Winning the PR War in Iraq[Excerpt]:
It doesn't matter how skeptical of the war a journalist might be, according to an Army public affairs officer (PAO) who spoke with me about it on condition of anonymity. "So often, they come out of that experience and -- even if their opinion of the war hasn't changed -- they're completely won over by the troops."
"I was one of those," admitted Beriain, speaking broken English and blinking away tears. "No matter what you think of the war, or what has happened here, you cannot be around the soldiers and not be completely affected. They are amazing people, and they represent themselves and the Army better than anyone could ever imagine." A retired Army officer concurred, telling me that "young troops are some of the best good will ambassadors we've ever produced. It would never occur to one to not tell you what he's really thinking, and they are so earnest" that it is almost impossible not to be won over by them if given enough time.
The most spectacular recent case of a journalist with an anti-war mindset being completely overwhelmed into a change of heart by American soldiers, according to the PAO, was a Greek public television reporter who had been embedded with an infantry unit that became entrenched in a 45-minute firefight with insurgents. Yanked out of the line of fire by a soldier who put the journalist's life above his own, he waited under cover and in fear of his life for the almost hour-long duration of the battle, with the best view possible of American soldiers in action against an armed and murderous enemy. He credits his having lived to tell the tale directly to those young troops.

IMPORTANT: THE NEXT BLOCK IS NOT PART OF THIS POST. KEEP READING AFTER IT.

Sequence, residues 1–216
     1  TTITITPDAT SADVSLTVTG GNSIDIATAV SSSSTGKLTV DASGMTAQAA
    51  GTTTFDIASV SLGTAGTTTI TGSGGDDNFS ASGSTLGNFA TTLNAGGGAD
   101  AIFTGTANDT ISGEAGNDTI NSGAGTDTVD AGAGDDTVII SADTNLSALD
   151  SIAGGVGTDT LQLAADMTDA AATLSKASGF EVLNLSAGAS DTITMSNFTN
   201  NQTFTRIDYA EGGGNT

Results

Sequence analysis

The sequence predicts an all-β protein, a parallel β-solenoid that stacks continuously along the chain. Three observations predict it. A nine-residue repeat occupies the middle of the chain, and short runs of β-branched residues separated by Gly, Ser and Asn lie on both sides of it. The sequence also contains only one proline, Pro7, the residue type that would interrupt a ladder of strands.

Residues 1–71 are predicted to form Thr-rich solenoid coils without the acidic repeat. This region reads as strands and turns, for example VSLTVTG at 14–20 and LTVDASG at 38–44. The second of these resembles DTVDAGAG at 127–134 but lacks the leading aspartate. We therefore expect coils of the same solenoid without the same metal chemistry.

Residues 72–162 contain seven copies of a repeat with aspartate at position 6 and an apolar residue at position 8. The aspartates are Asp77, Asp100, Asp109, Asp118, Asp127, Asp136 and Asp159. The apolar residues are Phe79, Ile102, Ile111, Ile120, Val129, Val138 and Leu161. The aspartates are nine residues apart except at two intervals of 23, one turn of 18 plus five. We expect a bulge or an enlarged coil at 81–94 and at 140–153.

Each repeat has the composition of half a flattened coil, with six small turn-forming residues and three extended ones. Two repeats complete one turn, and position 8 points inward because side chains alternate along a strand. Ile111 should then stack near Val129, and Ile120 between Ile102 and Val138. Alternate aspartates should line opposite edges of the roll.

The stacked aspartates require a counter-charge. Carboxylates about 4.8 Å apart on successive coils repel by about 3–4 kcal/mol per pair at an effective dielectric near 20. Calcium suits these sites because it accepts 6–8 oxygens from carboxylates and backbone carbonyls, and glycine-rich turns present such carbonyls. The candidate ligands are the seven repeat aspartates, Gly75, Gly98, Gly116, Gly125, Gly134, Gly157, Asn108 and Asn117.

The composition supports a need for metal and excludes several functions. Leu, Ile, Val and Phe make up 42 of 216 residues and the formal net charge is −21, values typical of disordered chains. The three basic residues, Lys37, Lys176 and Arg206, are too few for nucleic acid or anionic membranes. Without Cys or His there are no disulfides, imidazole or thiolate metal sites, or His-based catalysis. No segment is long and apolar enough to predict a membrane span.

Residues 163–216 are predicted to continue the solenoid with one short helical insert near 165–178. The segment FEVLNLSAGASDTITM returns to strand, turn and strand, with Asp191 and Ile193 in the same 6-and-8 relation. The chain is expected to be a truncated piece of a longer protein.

"He had tears in his eyes as he talked about it," said the PAO. "He just kept saying, 'they saved my life, they saved my life...these are great men; they are heroes.' Even after telling it several times, he couldn't get through the story without choking up -- and this was a man who had arrived here with all of the disdain for the Iraq mission and for the American soldiers who he [like seemingly most Europeans] had seen as the bad guys in this fight."